I have a phone in my pocket, and like many others it has replaced a jumble of items I use on a daily basis: the GPS, Web browser, sketchbook, recorder, guitar amp, language books and even my flashlight. But with all it does, I still have hangups (pardon the pun) about using my phone as a camera. I’ve listened dumbfounded while friends rave about their camera phones and the photos they’ve taken when I know that their best phone camera is not even close to the quality I get with my worst point-and-shoot.
But, alas, when I climb down off my high horse, it is easier to see what everyone is really so happy about. It’s the spontaneity, the accessibility of having a camera, any camera right there to help capture life as you see it, when you see it. As a member of the photo-obsessed who has been carrying camera equipment as a body part over the vast majority of my existence, I sometimes forget how lucky I am to always have had artistic freedom of expression right at hand.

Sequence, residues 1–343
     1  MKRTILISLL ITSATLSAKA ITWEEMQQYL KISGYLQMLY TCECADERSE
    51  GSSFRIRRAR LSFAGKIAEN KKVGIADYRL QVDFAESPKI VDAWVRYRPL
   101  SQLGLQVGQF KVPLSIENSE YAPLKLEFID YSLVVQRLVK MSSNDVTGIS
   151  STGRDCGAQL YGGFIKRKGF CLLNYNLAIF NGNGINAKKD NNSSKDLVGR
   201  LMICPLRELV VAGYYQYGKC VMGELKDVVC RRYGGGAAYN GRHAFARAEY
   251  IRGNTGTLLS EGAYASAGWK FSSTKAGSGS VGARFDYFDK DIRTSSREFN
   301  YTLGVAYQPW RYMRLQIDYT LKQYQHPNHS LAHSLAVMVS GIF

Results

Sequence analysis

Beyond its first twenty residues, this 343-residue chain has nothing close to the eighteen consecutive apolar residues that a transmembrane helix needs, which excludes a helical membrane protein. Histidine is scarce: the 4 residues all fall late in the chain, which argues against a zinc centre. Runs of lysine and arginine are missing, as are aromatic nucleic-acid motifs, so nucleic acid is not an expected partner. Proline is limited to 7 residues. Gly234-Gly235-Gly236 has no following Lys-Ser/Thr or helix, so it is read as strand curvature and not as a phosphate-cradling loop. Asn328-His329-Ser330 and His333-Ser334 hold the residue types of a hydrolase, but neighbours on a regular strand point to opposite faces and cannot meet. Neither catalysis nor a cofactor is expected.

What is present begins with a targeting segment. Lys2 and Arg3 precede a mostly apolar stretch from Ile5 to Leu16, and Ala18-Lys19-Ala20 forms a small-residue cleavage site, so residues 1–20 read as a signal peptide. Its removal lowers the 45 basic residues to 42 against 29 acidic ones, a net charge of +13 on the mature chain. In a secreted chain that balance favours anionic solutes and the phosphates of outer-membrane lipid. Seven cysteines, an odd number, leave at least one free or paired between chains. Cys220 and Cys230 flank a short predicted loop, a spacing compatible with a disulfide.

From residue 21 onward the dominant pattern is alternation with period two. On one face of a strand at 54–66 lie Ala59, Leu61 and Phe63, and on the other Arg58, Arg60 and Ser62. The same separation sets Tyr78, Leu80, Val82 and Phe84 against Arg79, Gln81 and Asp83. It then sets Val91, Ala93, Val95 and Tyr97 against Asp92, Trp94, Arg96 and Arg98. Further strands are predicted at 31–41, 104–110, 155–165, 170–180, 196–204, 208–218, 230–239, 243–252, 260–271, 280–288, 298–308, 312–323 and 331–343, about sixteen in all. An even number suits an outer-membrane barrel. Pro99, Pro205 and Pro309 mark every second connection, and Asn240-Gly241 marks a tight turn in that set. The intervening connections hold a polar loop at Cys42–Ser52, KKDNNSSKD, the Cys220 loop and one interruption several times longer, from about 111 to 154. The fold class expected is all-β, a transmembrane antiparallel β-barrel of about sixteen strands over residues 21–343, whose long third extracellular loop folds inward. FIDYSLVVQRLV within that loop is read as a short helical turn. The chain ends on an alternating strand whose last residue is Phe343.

There are times when real life trumps photo life, and I was recently forced to leave my cameras behind while joining a friend to see SPELUNK II, an art and dance exhibit featuring local artists Carl Dimitri, Christine Kim, Mike Yefko and Carl Hirsh at Aurora, in Providence. With live music and a visual presentation in the background, patrons donned headlamps to explore the artworks in a darkened room. I was fascinated by how it all visually came together and how some visitors, like this young silhouetted couple, were enveloped in the kaleidoscopic scene. Caught without my camera, I did what many others now do every day, I called on my phone to satisfy my photo needs.
copyright 2015 Kris Craig / The Providence Journal / 2 Much Time design